The differences are also due to a longer history of serious planning. Metro Vancouver adopted its first regional plan in 1975 and has maintained a consistent planning vision based on improved transit and reduced car use, growth concentrated in the metropolitan core and town centers, and a regional greenbelt. Despite often-contentious debate, “excruciatingly” slow decisions, and “sky-high” housing prices, the regional system has placed 75 percent of area growth into built-up areas and generated high transit ridership.

In contrast, most U.S. state and regional planning and governance institutions are relatively recent and weak. By design, they have little power to manage growth to stem sprawl and to provide transportation systems that limit car use. Instead, their voluntary regional associations contain dozens of autonomous local governments, with each municipality adopting its own master plan and zoning ordinance with few regional or statewide constraints. Local turf protection outweighs regional advantages.

If the United States wants to increase the performance of its urban regions, then it needs to heed the bottom-line lessons from north of the border: “A framework in which infrastructure investment strategies are decided at the regional level and where local planning is accountable to regional or provincial-level bodies . . . is significantly more likely to foster growth patterns that are sensitive to larger transportation, energy use, and environmental considerations.”

U.S. regions also need to employ effective policy tools. In Canada, leapfrog development and urban sprawl are contained by urban growth boundaries and agricultural land reserves. Social equity is enhanced by fiscal redistribution among central cities and suburbs. Provincial education funding prevents problems of schools in low-income school districts facing inadequate budgets and low teacher pay.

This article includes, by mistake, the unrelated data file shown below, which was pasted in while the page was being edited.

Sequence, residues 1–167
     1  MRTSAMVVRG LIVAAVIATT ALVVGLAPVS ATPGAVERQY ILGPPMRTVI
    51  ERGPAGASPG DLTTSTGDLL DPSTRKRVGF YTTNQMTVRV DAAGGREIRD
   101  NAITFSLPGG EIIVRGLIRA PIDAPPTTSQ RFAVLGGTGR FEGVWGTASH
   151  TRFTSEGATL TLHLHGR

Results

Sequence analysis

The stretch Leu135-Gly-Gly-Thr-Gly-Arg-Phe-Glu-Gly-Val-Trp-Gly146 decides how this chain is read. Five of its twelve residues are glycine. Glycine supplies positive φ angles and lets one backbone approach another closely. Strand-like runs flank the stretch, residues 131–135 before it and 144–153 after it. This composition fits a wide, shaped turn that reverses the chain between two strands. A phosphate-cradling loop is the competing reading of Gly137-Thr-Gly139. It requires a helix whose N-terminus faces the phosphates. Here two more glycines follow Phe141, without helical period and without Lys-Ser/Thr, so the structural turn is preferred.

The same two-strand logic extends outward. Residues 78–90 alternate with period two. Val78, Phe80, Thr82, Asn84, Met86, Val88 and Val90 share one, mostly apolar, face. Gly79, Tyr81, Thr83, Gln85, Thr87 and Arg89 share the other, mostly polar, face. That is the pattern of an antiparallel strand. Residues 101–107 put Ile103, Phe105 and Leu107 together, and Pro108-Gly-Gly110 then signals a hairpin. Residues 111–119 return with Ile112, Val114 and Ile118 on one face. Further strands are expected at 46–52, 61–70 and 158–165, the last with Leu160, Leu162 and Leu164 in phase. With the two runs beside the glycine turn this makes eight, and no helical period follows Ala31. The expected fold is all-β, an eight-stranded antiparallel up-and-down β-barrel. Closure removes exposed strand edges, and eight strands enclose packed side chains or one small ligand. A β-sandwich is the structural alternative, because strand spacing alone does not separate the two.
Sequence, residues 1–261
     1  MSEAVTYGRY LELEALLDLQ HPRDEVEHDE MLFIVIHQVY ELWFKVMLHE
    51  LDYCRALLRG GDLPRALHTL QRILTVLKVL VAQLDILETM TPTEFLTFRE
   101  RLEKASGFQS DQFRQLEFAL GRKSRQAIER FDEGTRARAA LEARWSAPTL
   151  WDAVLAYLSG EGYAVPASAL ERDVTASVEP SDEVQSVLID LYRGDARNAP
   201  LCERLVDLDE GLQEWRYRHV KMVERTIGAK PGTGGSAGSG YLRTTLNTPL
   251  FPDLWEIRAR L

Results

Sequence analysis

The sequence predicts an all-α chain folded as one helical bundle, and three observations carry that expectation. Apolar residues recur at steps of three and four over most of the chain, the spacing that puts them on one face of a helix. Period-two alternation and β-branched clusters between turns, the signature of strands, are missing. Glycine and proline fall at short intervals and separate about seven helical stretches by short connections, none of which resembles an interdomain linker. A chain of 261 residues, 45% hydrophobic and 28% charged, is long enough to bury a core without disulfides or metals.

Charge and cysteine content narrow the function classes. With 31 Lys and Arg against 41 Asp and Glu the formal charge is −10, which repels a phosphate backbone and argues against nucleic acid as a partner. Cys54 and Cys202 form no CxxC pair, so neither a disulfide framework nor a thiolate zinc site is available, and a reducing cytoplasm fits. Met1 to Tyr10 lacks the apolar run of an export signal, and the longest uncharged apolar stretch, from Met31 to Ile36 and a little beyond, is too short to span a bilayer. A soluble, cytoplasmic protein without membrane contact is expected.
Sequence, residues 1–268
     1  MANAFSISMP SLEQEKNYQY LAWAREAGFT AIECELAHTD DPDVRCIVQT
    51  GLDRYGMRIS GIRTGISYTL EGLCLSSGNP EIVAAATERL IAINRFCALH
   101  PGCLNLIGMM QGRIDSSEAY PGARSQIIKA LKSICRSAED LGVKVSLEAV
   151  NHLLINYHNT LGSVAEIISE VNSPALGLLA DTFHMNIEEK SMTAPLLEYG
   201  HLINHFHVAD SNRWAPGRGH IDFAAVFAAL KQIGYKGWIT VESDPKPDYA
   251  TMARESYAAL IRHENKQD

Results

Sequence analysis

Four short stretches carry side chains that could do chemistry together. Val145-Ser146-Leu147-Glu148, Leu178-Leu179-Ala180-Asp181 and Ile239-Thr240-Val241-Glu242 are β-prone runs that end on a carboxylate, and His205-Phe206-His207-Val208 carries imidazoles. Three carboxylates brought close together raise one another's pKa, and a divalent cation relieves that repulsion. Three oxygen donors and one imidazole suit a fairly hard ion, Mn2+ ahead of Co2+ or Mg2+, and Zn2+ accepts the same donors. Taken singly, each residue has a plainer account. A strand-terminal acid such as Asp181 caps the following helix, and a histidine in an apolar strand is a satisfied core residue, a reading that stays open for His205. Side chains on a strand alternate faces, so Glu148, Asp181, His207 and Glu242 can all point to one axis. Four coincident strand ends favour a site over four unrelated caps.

It is hard to argue with the evidence presented by Tomalty and Mallach. They show that on every important indicator, the percentage of Canadians in social or economic distress—poverty, housing, or education—is significantly lower than in the United States, even though it remains a wealthier nation.

Could these policy reforms be enacted in the States? The authors are realists, acknowledging that U.S. national political, legal, and physical differences limit the extent to which meaningful policy change is currently feasible and make it difficult to overcome the present antigovernment tide in Washington and many state capitals.

But they are also optimists, arguing that the move back to the central cities that is transforming the centers of formerly car-dependent places, like Los Angeles and Houston, into higher-density, mixed-use places is a powerful, bottom-up force for change. They are hopeful that “guerilla action” by developers, advocates, and scattered state and local governments, along with a new generation of citizens voting for cities with their feet, will force federal and state policy to catch up with movement on the ground. That would indeed presage a brighter American urban future.

David R. Godschalk is planning professor emeritus at the University of North Carolina at Chapel Hill and coauthor of Sustaining Places: Best Practices for Comprehensive Plans (APA Planning Advisory Service, 2015).